The Hawaii Legislature is back in recess after passing a number of bills aimed at shoring up a $1 billion shortfall in the state budget and setting aside $1.3 billion in the state’s rainy day fund.

Legislative leaders said Thursday they will take a three-week timeout and use that time to figure out how best to spend those rainy day funds on emergency budget issues and keeping programs afloat. They also want to take another look at the budget cuts they just passed in House Bill 2200 to make sure they hold up.

Lawmakers tentatively plan to reconvene on June 15.

Gov. David Ige, who now gets to consider the bills passed Thursday, said his administration will also look to make sure the legislators did not axe positions that have actually been filled or take funding that could be used by agencies.

“We want to make sure they didn’t make inadvertent cuts that reduce warm bodies,” Ige said. “That causes layoffs.”

The Legislature recessed again Thursday after passing bills cutting government spending.

Cory Lum/Civil Beat

Pay cuts, furloughs and layoffs were all things Sen. Donovan Dela Cruz and Rep. Sylvia Luke, chairs of the Legislature’s money committees, hoped to avoid by cutting unfilled positions and taking unspent funds from departments.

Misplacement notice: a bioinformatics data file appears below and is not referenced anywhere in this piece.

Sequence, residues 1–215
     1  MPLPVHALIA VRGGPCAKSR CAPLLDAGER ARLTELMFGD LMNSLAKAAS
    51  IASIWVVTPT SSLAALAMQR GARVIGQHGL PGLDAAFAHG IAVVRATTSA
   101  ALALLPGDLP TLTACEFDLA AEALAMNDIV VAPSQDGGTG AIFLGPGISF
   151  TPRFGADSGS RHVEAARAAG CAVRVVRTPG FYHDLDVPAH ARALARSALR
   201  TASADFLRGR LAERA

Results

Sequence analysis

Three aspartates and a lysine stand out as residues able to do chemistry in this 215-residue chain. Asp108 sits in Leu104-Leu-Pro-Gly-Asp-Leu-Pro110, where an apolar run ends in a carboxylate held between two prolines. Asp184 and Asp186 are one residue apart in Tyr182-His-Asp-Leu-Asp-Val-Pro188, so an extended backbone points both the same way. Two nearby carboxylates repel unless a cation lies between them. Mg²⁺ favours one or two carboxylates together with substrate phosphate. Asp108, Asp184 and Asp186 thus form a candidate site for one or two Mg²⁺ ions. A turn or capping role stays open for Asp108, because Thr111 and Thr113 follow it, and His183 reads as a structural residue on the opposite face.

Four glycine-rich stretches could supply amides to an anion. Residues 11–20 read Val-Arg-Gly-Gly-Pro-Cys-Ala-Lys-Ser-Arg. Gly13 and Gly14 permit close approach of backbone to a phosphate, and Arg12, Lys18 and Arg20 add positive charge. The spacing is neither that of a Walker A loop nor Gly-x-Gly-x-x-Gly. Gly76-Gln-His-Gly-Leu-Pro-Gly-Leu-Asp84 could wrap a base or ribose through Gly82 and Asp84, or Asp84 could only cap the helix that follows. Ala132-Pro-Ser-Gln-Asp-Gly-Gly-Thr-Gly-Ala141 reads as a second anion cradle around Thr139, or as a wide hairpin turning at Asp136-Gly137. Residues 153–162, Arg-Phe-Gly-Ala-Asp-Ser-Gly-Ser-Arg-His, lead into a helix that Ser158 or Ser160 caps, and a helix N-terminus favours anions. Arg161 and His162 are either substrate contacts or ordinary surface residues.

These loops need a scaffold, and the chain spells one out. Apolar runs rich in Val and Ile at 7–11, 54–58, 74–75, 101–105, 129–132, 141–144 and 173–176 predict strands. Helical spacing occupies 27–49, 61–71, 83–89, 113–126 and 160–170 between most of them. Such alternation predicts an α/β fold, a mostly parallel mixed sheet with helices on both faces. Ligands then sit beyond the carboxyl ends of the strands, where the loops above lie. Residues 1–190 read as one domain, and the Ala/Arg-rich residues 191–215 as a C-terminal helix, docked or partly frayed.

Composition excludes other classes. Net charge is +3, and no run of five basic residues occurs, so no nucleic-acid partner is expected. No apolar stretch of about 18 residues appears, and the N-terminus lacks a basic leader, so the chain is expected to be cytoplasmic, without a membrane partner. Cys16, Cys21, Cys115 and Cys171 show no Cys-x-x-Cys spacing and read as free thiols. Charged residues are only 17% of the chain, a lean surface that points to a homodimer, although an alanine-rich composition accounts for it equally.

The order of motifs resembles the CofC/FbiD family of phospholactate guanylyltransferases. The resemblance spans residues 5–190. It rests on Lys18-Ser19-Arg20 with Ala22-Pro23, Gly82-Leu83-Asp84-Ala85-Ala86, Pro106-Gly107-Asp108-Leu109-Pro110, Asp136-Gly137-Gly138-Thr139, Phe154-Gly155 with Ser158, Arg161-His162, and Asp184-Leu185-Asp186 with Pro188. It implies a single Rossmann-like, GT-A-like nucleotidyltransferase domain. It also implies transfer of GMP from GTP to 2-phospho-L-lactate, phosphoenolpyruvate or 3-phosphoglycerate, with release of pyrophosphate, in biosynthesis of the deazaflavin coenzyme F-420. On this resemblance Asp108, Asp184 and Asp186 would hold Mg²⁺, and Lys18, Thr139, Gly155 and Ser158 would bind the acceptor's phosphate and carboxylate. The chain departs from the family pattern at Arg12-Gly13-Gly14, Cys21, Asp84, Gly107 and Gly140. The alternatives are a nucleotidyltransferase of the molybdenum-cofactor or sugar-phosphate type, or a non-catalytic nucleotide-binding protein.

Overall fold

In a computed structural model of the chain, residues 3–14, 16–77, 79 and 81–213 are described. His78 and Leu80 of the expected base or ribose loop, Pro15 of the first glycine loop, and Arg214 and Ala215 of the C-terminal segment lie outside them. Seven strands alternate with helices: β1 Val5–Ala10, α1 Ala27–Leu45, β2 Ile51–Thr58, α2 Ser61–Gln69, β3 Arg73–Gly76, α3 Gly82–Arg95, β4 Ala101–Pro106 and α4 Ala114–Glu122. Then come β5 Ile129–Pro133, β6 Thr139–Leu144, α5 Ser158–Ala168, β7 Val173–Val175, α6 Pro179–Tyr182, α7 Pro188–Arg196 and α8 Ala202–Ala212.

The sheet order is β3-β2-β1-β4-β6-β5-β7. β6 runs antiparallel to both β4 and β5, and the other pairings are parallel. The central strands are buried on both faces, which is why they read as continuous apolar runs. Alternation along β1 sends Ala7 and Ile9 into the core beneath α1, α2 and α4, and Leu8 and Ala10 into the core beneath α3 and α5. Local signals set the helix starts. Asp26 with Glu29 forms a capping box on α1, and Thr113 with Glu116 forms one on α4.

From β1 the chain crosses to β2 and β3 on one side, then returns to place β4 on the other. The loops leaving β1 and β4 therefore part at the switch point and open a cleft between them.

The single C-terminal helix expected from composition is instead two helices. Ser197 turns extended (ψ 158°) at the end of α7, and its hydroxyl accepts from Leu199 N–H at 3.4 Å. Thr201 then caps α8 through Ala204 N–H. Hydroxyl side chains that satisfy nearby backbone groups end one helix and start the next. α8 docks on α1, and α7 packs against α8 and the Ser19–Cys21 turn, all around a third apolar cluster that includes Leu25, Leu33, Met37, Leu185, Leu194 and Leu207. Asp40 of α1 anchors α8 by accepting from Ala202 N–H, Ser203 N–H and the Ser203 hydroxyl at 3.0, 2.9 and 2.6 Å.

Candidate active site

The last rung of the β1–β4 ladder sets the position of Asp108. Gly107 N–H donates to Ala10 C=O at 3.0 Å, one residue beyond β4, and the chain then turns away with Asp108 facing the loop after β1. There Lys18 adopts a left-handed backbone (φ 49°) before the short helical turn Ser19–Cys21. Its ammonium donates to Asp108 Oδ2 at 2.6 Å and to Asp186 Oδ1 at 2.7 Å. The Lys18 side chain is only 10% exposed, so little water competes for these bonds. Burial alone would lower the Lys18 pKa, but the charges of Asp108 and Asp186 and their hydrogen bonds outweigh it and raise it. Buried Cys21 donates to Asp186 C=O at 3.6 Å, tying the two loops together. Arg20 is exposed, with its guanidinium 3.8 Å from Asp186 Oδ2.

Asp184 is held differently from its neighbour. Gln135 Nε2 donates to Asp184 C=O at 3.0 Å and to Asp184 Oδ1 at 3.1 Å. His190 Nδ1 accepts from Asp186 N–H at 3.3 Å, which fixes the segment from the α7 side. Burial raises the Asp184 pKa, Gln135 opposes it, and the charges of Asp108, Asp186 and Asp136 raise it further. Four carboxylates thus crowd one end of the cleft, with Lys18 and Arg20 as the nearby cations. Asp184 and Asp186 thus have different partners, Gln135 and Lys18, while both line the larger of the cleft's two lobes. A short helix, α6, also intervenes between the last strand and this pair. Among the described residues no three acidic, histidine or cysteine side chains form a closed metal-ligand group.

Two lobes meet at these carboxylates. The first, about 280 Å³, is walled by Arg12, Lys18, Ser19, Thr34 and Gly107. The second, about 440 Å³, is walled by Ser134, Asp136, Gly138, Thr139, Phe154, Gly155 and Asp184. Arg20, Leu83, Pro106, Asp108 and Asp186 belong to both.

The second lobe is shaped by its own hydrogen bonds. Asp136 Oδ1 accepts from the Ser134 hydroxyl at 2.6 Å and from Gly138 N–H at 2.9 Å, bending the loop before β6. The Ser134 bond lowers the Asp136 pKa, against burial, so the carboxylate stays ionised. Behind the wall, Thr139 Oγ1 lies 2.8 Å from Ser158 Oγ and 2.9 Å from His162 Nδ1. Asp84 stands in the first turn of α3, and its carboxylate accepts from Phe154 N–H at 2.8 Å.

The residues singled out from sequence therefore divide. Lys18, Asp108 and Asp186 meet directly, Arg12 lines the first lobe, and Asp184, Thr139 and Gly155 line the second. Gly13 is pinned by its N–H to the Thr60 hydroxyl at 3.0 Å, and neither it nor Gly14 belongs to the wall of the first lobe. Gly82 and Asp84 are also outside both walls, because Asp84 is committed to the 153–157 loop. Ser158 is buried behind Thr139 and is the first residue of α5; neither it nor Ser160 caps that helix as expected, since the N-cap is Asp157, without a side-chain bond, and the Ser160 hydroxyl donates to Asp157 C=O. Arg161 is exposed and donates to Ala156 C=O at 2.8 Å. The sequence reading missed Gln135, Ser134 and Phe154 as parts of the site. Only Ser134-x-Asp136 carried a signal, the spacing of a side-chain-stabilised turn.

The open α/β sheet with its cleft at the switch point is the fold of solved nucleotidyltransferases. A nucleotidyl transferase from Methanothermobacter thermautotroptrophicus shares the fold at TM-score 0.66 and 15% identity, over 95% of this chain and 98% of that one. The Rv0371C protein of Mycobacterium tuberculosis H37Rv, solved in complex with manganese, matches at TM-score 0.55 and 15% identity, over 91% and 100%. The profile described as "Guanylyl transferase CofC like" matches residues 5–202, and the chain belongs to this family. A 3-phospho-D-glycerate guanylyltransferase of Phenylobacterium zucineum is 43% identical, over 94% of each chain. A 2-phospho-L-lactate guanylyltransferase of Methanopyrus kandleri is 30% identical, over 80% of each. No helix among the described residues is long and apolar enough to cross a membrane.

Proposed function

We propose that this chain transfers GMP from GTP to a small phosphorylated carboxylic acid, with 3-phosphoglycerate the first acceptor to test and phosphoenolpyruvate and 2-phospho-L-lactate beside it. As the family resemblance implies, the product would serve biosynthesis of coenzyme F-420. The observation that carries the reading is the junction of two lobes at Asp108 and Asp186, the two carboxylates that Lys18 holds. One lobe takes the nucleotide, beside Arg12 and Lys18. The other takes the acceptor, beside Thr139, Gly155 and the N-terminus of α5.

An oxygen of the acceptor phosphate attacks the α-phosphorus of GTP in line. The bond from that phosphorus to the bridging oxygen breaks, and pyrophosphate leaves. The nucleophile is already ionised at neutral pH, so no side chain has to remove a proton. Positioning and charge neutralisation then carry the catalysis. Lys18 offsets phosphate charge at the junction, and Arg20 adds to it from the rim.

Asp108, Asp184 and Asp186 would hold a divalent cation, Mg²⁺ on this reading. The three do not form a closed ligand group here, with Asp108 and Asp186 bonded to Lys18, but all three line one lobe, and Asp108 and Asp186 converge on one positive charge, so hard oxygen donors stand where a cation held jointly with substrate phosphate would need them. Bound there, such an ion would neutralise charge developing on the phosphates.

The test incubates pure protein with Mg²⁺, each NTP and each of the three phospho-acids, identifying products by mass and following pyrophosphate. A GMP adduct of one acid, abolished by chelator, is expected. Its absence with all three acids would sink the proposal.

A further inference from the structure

But state budget director Craig Hirai told senators at a committee hearing later Thursday afternoon that furloughs may be imminent even with the budget cuts. Hirai said his department has proposals to avoid such things in the short term, but “typically they aren’t sustainable.”

“You’ve just depressed everyone, Craig,” Dela Cruz said.

Ige, who is a former chair of the Senate Ways and Means Committee, had proposed pay cuts and furloughs in March.

He said Thursday that eliminating vacant positions could slow Hawaii’s economic recovery. 

“As anyone who was involved in the last economic recession remembers, when we eliminate vacancies, it really hampers the restoration of services,” the governor said.

What’s Getting Cut

The Legislature made cuts almost across the board, including to the state Department of Health, the agency tasked with leading efforts to combat the coronavirus.